“Moss dismantles the wall of righteousness that some Christians erect in order to justify their conflict with others. Without this persecution narrative, we will be better equipped to work together in our complex and pluralistic world.” (—Sister Simone Campbell, Executive Director of NETWORK)

“This is a timely and eye opening book. Moss’ carefully researched and readable account corrects and clarifies an important feature of a history that has been fictionalized for too long.” (—Harvey Cox, Hollis Research Professor of Divinity at Harvard, and author of The Future of Faith)

“In engaging prose and with scholarly acumen, Moss pulls back the curtain on one of Western history’s best-kept secrets-that Christians were never subjects of sustained persecution. Read this book and rejoice as Moss turns history on its head and points the way beyond religious violence.” (—Diana Butler Bass, author of Christianity After Religion)

“Not only has Candida Moss reminded us that much of what we accept uncritically is pious legend, but that such myths poison the religious and political rhetoric of our time. There is something here to offend everyone, which is the first sign of groundbreaking work.” (—Rev. Dr. Robin R. Meyers, UCC Minister and author of The Underground Church: Reclaiming the Subversive Way of Jesus)

“Historical argumentation at its most cogent.” (—Booklist)

“Fascinating…One of the most enlightening aspects of “The Myth of Persecution” is Moss’ ability to find contemporary analogies that make the ancient world more intelligible to the average reader.” (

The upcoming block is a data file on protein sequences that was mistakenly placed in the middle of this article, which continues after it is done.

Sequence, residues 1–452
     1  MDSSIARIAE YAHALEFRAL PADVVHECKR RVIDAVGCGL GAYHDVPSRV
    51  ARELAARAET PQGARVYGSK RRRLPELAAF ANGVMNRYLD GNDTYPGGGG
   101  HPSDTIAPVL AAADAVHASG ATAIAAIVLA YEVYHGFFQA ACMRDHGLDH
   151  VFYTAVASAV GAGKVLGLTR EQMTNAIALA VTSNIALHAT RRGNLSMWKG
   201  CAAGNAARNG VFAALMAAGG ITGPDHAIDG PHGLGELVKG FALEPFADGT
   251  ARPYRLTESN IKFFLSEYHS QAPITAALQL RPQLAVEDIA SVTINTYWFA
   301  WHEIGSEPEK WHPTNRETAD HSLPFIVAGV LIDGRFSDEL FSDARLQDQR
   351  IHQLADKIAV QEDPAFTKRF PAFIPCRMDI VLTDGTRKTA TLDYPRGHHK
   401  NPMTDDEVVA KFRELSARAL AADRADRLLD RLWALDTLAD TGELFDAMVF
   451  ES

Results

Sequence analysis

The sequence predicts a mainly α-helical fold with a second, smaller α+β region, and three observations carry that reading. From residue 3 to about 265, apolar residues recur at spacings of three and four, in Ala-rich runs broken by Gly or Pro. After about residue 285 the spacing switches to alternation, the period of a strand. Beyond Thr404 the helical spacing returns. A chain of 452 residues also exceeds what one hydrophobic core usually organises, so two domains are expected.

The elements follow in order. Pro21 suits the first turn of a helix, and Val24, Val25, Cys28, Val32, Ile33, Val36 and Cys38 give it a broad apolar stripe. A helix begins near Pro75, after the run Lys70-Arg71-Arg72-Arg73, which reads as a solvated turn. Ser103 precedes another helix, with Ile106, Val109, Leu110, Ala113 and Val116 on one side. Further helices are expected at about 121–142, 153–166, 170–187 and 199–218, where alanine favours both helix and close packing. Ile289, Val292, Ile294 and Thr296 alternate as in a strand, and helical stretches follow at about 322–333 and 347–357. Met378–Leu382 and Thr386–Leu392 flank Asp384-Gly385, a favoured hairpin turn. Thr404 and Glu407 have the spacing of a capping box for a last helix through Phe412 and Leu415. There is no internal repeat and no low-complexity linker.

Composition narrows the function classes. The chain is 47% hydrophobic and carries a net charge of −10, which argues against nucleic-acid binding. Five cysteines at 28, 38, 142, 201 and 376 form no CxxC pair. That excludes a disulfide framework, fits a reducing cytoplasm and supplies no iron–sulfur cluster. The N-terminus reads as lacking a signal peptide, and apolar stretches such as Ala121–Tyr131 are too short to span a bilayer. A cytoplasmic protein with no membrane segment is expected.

“Like the ancient poets, Moss at once instructs and entertains. She also transgresses the boundary between historian and theologian and calls the church to repentance. She contends that the martyrdom narrative poses grave dangers, having contributed to everything from mild alienation to outright atrocity throughout the church’s history.” (Christian Century)

“Fascinating….beyond simply recasting ancient stories in a new light, the book provides a hopeful outlook for a world in which modern Christians could drop the myth of their persecuted past.” (U.S. Catholic)

“Exhaustively researched, yet accessible…Moss’ book lays bare that truth and presents us with the opportunity to, instead of retelling myth, begin to explore the actual history of this era.” (Portland Book Review)

Product Details

  • File Size: 1004 KB
  • Print Length: 323 pages
  • Publisher: HarperOne; Reprint edition (March 5, 2013)
  • Publication Date: March 5, 2013
  • Sold by: HarperCollins Publishers
  • Language: English
  • ASIN: B0089LOOF4
  • Text-to-Speech: Enabled
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  • Word Wise: Enabled
  • Lending: Not Enabled
  • Enhanced Typesetting: Enabled
  • Amazon Best Sellers Rank: #419,865 Paid in Kindle Store (See Top 100 Paid in Kindle Store)
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Customer Reviews

Top Customer Reviews

Format: Hardcover